The Community Court of Justice ECOWAS has ordered the Government of Cote d’Ivoire to pay more than $2.21 million (1,250,000,000 CFA Francs) as compensation to Oumar Diawara, a Congolese resident of Abidjan (the Applicant), for the violation of his right to a fair hearing and right to property.
A symbolic one Franc was also awarded to him for the moral prejudice he suffered from how the case against him at the domestic court was handled.
In the judgment, which was delivered by Justice Dupe Atoki, the Judge Rapporteur in the suit, the Court also ordered the Court’s Registry to assess the litigation costs in favour of the Applicant.
In a suit filed through his lawyers, Geraldine Odehouri-Koudou and Esther Dagbo, the Applicant alleged that the Ivoirian Government violated his right to property and fair hearing by depriving him of his right to defence, equal protection of the law, equality before the law and right to be tried by an impartial tribunal.
In the application, Mr Diawara said that his company, Societe Ivoirienne de Depots Douane (SIDD), in July 2017 acquired a real estate and construction company – Perl Invest from a partially state-owned company – BNI Gestion, after which he discovered irregularities in the assets and liabilities of Perl Invest, including under-reported assets and 15 billion CFA francs loan misappropriated by directors of BNI Gestion to the detriment of Perl Invest.
He stated that he filed a complaint and the judge of the 9th Investigating Chamber of the Court of First Instance of Abidjan heard all parties and witnesses at the end of which the matter was abruptly transferred to the judge of the 5th Investigating Chamber without informing him contrary to the provisions of the law.
Thereafter, he said the Minister of the Economy and Finance intervened to settle the matter through mediation but a change in leadership occurred before the signing of a Memorandum of Understanding (MOU) which was stalled without any explanation.
He further told the Court that by an Order dated 17th December 2018, based on a complaint by the Law Officer of the Treasury, the Judge of the 5th Chamber prohibited real estate transactions on his acquired company – Perl Invest, without giving him prior opportunity to be heard.
He later found out that the complaint bordered on money laundering and misuse of public assets against him.
He also alleged that the actions of the judge of the 5th Chamber indicated bias and impartiality, due to her refusal to release the case file after her removal from the case; her refusal to transfer the case file to the public prosecutor’s office and refusal to allow the Applicant’s lawyer to access the case docket which stalled the appeal process for about two years.
Consequently, he asked the Court to hold the State of Cote d’Ivoire liable for violating his rights to fair hearing and property and order the payment of compensation totaling 15 billion CFA Francs as well as one symbolic Franc for moral damages.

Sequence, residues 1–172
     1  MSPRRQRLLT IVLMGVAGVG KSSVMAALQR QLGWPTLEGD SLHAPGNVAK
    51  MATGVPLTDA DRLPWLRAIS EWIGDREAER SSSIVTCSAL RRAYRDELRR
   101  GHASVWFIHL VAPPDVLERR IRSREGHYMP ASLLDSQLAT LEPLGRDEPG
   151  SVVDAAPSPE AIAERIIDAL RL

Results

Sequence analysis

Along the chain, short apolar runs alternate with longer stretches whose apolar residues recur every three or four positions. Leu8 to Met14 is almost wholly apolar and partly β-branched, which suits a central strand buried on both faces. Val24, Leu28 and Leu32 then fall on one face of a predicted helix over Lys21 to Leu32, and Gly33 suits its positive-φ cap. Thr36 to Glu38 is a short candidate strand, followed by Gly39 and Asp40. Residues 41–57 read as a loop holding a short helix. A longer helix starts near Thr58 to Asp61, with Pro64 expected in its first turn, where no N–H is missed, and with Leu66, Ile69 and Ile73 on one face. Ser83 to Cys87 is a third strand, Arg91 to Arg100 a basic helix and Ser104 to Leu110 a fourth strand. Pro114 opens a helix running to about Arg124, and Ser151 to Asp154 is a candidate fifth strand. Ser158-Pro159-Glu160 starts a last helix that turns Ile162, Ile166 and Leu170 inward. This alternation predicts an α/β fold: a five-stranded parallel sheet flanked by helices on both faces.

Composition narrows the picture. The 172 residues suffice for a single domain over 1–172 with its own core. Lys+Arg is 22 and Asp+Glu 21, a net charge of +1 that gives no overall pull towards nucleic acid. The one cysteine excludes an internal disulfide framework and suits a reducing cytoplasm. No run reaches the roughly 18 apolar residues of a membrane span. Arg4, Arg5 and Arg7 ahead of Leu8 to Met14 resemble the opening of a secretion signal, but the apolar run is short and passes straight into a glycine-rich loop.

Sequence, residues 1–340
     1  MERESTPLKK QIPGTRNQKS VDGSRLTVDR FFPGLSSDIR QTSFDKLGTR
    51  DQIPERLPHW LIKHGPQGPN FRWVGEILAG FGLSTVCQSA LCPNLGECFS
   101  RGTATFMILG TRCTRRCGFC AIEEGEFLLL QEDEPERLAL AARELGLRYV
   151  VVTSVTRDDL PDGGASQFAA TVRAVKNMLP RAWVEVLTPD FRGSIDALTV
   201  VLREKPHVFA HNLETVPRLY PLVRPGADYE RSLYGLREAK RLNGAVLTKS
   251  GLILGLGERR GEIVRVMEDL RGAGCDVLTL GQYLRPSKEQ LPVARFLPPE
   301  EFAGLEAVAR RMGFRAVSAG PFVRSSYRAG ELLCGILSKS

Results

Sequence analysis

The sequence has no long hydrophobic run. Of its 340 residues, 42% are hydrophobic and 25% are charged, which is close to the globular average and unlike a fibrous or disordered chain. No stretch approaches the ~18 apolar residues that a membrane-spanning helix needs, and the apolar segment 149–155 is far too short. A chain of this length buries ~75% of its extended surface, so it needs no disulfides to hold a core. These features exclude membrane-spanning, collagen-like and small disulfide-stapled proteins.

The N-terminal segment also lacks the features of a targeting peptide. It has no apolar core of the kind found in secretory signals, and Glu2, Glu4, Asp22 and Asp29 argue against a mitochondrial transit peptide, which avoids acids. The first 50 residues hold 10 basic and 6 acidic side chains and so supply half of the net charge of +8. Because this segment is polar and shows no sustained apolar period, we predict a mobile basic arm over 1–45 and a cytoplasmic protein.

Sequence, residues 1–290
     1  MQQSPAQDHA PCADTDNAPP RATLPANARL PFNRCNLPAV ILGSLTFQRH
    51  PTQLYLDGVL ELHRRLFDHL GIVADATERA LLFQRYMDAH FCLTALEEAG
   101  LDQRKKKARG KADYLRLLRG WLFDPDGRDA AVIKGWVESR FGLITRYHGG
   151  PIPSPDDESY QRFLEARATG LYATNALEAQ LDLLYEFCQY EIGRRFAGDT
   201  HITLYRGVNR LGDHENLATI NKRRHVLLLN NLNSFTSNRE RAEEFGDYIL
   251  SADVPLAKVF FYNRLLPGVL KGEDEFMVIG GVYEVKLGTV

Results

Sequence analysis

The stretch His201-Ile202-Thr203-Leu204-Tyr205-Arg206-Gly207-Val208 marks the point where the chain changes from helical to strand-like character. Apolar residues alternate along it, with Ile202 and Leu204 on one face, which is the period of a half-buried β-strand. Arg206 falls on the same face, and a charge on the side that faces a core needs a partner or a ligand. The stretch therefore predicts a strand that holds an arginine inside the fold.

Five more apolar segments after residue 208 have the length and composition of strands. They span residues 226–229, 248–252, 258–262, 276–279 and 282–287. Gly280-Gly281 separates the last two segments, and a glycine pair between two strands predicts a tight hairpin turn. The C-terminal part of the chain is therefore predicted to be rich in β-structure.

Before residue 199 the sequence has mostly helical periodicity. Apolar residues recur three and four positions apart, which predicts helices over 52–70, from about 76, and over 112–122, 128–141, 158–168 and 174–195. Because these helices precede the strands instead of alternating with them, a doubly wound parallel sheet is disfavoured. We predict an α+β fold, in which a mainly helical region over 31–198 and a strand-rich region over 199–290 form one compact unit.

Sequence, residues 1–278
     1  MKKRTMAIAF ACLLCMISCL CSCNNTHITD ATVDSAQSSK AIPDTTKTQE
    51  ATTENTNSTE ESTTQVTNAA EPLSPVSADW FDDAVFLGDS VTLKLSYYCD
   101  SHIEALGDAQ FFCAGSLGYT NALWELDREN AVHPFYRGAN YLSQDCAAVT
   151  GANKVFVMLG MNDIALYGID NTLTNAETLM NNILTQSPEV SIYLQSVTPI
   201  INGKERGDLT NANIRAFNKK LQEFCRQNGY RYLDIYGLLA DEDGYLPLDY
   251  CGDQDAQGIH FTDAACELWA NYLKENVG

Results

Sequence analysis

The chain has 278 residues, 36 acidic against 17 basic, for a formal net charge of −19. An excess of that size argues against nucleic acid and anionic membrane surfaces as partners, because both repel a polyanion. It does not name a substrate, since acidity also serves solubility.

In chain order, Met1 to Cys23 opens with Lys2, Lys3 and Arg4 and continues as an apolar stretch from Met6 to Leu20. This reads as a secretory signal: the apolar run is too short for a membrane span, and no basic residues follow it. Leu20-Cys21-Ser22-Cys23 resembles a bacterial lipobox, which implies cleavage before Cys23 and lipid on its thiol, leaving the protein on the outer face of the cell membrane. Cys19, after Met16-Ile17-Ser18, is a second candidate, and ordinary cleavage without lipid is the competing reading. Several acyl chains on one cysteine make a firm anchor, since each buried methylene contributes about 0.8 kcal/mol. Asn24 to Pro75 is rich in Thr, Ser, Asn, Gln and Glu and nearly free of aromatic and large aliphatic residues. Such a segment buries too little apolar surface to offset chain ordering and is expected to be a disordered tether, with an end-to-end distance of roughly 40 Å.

In a counterargument, the government represented by Mr Cyprien Essin told the Court that BNI Gestion is an affiliate of a Government company and the State through its Law Officer of Treasury had competence and grounds to file charges of money laundering and misuse of corporate assets against Mr Diawara.
On the issue of the change of judge, Mr Essin said a case transferred to another judge can be reassigned back to the judge to continue with the proceeding and therefore urged the Court to dismiss the claims of Mr Diawara as unfounded.
He also urged the Court to dismiss Mr Diawara’s application for interim measures to stall all restricting orders and those to be made as the application and orders sought have been overtaken by events.
After hearing the Parties and analysing both the interim application and the merits of the case, the Court dismissed the Applicant’s request for interim measures, same having been overtaken by events.
On the merits, the Court held that the Ivoirian government violated the Applicant’s rights to a fair hearing by failing to avail him of the opportunity to defend himself before pronouncing the Order; by denying him right to be tried by an impartial court or tribunal, and by denying him the right to appeal as provided for in Article 7 (a) (b) (c) of the African Charter on Human and Peoples’ Rights (ACHPR) respectively.
It, therefore, held the government liable for violating Mr Diawara’s right to property due to the irregular proceedings at the domestic court, which allowed the unlawful deprivation of his property contrary to Article 14 of the ACHPR.
Consequently, the Court awarded compensation for violation of Mr Diawara’s rights to property and the moral prejudice he suffered but dismissed all other claims by both parties.
The judgment was delivered during the ongoing two-week external session of the Court being held in Abidjan, Cote d’Ivoire.
Also on the panel of judges for the suit were Justices Gberi-Be Ouattara (presiding) and Januaria Costa (member).